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I got the change to do an interview with Neal Karkhanis from The Great Heights Band after his band added their music to Dozmia. Check it out below.

Hey Neal, thanks for agreeing to do this interview!

Tell me about your origins. How did you guys meet? How did the band get started?

The band didn't really start until after Paul (drummer) and I recorded a couple of songs I wrote on our own. We recorded "Portland" and "Stay" with our buddy Greg Parker at Amped Recording in Baltimore. I posted the songs on my personal facebook page and people seemed to really like it, so we decided we would play a couple of shows. I asked Linette if she wanted to play piano and sing, which was cool for her because she has never been in a band before. I played in a band with Owen a long time ago and knew he was a good bassist and easy to work with so I asked him to join up as well. The four of us wound up recording three more songs with Mike Bridgett at his studio in Waldorf, Maryland called The Monster House and wound up putting out a 5-song EP called "Weird Thoughts." We played a few shows, made a music video for "Portland" and then I moved to San Francisco for a few months. When I got back from the west coast, we were offered a record deal with CI Records, which led to recording "Songs in Eastern Standard Timing" with Eric Taft at Buzzlounge Recording in Beltsville, Maryland. Eventually, we were able to talk Eric into joining the band. Now it's the five of us and things are going pretty well.

Your album “Songs in Eastern Standard Timing” is awesome. When you guys wrote the songs, did you write out your lyrics? Do you change the songs at all during your live sets?

Thanks! I usually write words as I am writing the music - typically with an acoustic guitar. Lately, I've been writing using a piano, but all of SIEST was written with an acoustic guitar. A lot of the times, the lyrics that are written are place holders so that the vocal melody can be generally mapped out. After that, I usually rewrite the words unless something I initially wrote was great. TGHB has really tongue-in-cheek and sarcastic lyrics. A lot of it is about independence and not taking things too seriously. For the newer music we have been writing, lyrically it is a little more dark in some ways, but I try to maintain that light mood depending on the song. Eric usually helps me clean up the lyrics as we demo songs out, and he has been writing a lot of new songs for the next album as well. We normally do our own thing until we are ready to demo and then let the other one tear it apart and put it back together.

We play a different set at almost every show unless we are playing a tour. For a tour, we normally run the same set every night with minor changes here and there. We usually always play at least one cover song because it's fun, and a lot of times, we are playing for an audience for the first time and they may not be familiar with our music just yet. A cover song gives them a chance to sing along with something they might know... and of course they get a chance to judge us accordingly.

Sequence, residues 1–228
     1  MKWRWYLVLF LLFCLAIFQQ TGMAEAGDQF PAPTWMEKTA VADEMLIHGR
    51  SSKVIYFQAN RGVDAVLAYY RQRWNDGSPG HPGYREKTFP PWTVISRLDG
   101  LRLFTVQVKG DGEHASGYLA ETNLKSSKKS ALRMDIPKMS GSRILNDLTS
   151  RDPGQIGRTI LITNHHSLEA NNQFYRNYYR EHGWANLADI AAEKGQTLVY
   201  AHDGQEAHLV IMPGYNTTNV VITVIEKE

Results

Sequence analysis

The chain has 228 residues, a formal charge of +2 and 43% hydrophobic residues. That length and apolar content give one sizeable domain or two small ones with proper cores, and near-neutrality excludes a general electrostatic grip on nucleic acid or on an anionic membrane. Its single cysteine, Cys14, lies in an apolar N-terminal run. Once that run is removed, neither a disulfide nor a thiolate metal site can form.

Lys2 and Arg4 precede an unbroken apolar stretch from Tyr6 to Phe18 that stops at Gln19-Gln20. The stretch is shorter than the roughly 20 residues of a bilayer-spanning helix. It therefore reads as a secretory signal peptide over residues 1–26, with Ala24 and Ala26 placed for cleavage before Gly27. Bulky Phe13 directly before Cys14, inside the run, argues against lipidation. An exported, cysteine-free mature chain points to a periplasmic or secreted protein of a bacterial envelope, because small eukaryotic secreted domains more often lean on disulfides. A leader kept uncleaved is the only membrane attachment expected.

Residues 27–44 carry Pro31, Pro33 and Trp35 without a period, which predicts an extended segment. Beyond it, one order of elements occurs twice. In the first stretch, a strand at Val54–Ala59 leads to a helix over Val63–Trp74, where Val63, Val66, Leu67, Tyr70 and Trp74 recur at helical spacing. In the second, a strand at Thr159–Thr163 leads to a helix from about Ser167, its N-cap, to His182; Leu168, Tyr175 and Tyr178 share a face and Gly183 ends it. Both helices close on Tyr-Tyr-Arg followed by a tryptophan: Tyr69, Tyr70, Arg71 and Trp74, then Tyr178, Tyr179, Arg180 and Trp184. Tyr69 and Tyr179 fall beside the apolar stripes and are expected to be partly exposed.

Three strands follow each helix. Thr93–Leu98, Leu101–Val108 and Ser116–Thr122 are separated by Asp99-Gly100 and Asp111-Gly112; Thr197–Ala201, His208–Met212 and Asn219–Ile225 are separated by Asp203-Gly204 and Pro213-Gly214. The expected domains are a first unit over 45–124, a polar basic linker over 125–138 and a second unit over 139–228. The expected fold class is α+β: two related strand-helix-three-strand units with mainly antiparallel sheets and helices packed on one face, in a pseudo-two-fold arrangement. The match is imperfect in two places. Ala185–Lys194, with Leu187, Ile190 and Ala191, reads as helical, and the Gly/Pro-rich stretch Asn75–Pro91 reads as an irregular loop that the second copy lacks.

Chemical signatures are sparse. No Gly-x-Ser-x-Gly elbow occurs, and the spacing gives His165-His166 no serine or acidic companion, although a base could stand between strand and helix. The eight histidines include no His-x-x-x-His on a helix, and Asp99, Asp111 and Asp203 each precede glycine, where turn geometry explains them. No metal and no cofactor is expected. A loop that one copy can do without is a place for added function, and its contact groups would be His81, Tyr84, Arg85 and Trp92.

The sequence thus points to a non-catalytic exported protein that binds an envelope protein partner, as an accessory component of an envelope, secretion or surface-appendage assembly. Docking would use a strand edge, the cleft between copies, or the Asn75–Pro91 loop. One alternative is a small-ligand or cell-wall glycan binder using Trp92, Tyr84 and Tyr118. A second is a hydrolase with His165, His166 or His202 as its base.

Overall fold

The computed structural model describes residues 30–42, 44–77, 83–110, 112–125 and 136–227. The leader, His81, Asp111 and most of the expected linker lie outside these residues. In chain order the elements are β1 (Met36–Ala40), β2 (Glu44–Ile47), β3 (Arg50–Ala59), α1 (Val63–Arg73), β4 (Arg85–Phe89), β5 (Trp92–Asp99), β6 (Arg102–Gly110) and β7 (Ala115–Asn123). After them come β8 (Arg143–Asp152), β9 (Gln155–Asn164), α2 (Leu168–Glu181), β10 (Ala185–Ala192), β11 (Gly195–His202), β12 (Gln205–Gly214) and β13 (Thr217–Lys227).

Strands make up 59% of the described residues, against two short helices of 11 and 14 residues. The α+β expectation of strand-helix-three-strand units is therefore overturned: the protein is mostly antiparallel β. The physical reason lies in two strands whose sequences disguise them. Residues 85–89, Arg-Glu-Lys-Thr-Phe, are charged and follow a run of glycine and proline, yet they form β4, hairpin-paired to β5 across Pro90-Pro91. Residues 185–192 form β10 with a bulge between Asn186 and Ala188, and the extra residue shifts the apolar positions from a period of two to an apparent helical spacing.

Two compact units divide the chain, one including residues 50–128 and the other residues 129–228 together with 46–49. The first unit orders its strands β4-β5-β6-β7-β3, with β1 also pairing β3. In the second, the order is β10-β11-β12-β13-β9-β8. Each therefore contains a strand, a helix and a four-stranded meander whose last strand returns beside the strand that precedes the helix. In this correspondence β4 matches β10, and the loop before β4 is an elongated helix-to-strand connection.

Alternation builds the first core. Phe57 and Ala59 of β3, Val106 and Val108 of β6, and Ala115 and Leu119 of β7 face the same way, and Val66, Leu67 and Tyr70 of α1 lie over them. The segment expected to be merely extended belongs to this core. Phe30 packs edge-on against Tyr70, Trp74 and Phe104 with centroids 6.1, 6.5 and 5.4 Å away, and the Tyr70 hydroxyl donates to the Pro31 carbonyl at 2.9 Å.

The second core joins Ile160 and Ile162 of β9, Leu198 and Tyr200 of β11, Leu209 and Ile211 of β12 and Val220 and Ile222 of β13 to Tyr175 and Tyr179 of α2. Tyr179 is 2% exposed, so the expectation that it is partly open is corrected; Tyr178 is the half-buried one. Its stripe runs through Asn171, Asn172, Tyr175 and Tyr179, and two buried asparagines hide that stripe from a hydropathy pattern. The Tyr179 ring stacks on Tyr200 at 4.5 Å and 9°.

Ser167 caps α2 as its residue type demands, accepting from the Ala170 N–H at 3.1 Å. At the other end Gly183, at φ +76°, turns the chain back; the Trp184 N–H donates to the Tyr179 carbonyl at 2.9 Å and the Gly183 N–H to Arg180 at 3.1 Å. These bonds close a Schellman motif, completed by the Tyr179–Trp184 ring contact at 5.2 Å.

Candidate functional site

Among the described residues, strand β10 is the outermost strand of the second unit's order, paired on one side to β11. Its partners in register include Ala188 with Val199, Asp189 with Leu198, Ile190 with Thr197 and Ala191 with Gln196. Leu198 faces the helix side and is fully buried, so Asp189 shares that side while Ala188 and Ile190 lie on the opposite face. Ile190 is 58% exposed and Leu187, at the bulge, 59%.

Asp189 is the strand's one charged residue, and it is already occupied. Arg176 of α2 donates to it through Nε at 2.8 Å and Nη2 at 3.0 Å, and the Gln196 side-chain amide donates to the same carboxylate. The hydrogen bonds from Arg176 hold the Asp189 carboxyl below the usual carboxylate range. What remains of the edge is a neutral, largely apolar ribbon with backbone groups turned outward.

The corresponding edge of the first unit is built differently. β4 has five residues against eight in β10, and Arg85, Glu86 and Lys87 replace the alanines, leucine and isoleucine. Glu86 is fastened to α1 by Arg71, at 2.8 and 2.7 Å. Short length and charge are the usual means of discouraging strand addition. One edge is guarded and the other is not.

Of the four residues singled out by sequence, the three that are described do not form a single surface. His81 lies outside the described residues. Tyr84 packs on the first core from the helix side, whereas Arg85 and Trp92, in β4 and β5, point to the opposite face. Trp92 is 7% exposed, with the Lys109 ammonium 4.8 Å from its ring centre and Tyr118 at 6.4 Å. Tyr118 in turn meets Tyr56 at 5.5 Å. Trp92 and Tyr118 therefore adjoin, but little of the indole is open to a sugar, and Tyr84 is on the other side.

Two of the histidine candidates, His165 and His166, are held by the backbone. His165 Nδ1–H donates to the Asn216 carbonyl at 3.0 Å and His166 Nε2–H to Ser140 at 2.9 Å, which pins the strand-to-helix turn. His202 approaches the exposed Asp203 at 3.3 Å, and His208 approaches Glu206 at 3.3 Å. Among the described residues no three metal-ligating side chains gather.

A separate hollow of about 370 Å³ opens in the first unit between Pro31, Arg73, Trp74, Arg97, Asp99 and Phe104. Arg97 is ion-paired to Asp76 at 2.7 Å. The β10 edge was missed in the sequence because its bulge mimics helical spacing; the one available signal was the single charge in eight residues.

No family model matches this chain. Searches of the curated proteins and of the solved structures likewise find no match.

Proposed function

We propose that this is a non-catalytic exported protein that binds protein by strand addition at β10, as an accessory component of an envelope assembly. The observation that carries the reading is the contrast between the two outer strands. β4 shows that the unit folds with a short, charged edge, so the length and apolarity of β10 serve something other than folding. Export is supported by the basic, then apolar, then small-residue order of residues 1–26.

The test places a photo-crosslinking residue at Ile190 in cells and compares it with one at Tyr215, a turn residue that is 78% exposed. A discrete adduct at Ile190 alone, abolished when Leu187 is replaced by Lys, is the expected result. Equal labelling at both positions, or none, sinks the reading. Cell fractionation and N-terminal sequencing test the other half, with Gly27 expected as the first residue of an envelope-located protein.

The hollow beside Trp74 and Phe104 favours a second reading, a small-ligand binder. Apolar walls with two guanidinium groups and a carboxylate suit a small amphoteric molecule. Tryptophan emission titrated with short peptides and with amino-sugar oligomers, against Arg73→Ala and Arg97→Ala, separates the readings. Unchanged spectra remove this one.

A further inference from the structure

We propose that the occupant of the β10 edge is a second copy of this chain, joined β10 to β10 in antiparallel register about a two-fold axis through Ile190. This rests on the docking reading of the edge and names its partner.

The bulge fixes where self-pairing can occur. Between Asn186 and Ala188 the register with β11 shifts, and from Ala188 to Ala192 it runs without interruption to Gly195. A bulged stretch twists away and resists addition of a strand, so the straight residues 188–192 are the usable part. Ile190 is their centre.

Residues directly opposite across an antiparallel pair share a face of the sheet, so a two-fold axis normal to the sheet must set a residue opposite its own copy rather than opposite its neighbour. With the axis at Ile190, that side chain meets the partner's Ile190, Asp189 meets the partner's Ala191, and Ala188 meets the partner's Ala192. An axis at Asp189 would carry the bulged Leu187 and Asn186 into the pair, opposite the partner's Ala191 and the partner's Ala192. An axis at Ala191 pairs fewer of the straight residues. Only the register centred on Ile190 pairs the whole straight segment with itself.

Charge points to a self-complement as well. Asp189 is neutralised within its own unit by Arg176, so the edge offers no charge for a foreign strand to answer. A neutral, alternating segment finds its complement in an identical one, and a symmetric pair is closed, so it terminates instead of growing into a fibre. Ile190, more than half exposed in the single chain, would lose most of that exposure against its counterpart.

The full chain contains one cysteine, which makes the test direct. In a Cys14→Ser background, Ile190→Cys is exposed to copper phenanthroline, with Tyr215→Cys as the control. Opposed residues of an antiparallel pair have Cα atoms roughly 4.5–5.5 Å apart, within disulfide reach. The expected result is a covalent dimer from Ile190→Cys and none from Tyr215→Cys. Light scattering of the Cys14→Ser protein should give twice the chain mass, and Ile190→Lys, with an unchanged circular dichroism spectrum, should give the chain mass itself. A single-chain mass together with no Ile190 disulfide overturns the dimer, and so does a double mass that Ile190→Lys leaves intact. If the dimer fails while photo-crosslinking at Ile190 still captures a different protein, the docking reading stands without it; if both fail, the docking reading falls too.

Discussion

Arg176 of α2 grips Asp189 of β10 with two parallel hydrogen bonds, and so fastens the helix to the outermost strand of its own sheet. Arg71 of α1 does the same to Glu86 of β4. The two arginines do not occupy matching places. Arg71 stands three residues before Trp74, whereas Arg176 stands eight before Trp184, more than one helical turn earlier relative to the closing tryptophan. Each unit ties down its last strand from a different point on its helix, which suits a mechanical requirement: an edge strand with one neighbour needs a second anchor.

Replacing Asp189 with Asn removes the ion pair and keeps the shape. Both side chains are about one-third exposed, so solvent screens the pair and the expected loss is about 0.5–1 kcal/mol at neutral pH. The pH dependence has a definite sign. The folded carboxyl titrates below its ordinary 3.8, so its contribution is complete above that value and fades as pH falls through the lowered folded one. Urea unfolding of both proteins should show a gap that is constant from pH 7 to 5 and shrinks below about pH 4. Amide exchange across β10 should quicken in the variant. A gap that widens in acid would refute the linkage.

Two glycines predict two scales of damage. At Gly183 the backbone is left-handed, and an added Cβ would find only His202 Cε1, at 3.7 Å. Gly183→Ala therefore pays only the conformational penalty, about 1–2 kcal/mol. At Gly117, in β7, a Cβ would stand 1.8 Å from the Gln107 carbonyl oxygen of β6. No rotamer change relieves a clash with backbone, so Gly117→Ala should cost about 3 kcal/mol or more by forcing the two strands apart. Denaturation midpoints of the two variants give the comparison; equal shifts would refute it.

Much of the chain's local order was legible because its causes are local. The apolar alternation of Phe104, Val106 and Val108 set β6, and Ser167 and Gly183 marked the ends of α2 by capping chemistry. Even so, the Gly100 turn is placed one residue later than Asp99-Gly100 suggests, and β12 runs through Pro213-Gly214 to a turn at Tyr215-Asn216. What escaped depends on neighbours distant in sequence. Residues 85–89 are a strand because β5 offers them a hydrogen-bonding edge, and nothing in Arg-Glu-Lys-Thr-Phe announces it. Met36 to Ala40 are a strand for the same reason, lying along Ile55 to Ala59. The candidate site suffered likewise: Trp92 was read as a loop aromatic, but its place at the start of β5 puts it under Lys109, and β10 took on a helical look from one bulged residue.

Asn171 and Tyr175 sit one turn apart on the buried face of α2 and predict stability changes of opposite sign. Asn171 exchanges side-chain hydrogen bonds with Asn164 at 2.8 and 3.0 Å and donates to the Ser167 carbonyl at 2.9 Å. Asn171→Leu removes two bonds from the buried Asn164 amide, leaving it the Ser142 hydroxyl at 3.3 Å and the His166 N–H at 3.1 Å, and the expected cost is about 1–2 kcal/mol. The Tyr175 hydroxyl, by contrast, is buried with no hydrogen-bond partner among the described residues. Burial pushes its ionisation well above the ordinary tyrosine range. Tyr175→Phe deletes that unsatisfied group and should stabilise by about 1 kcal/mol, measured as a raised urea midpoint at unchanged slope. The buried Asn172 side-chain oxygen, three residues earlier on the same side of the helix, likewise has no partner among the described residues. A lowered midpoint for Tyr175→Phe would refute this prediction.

How do you build your presence online? How important is this to you?

We work really hard at building quality content. Whether it is a song or a video, we really put everything we have into it so that whoever is checking it out can at least respect it. We talk about it a lot - always putting our best foot forward - and have decided that some projects aren't the best fit for us because they may not be the best quality project.

Music is incredibly subjective when it comes to taste, but I feel like anybody can see the difference between a quality product that people put effort into and something that people may have just crapped out. That is been really huge for us. We do not just add people on Facebook or spam random pages. I think the way to build an online community is to do it by releasing genuine work that people respect and admire. It's super important for us.

What do you think of online music sharing? What are your thoughts on free music streaming?

Online music sharing is awesome for small bands like us. It gives us a small chance to actually be heard through all the other traffic, and the best way for people to check something out is to be recommended by a friend. That's why we do our best to put out quality music and videos - so people dig it and actually share it with their friends and family.

Free music streaming also has its benefits for smaller artists. Obviously, the more free music streaming, the less an artist is going to make off their music. That being said, it's a great way to grow a fanbase and do what is really going to help the artist and the finances - getting people out to shows!

Do you have any advice for other bands that are just starting out?

Jeremy Weiss, owner of CI Records who put out our first album, gave me the best advice I have heard so far, so I'll share it here. Jeremy said to be prolific. He said to write hundreds and thousands of songs. Maybe a few may actually catch on. Since that conversation, I have written maybe 50 songs, of which I have only shared maybe 15 or 20 with my band. The other 30 or so need work! So my advice is to keep writing, keep practicing and to keep having fun. You never know what can happen, but at the very least, you will get better and have a good time doing it.

Anything you’d like to share?

Yes! "Songs in Eastern Standard Timing" is available everywhere online as well as through CI Records. We will be playing a few midwest dates in April followed by supporting Bayside at the Launch Music Conference and Festival in Lancaster, Pennsylvania. Check out the band, and if you dig it, share it!

Awesome, thanks for the interview Neal!

Check out The Great Heights Band's new album "Songs in Eastern Standard Timing" on Dozmia! Download the app here: https://appsto.re/us/EJoW8.i

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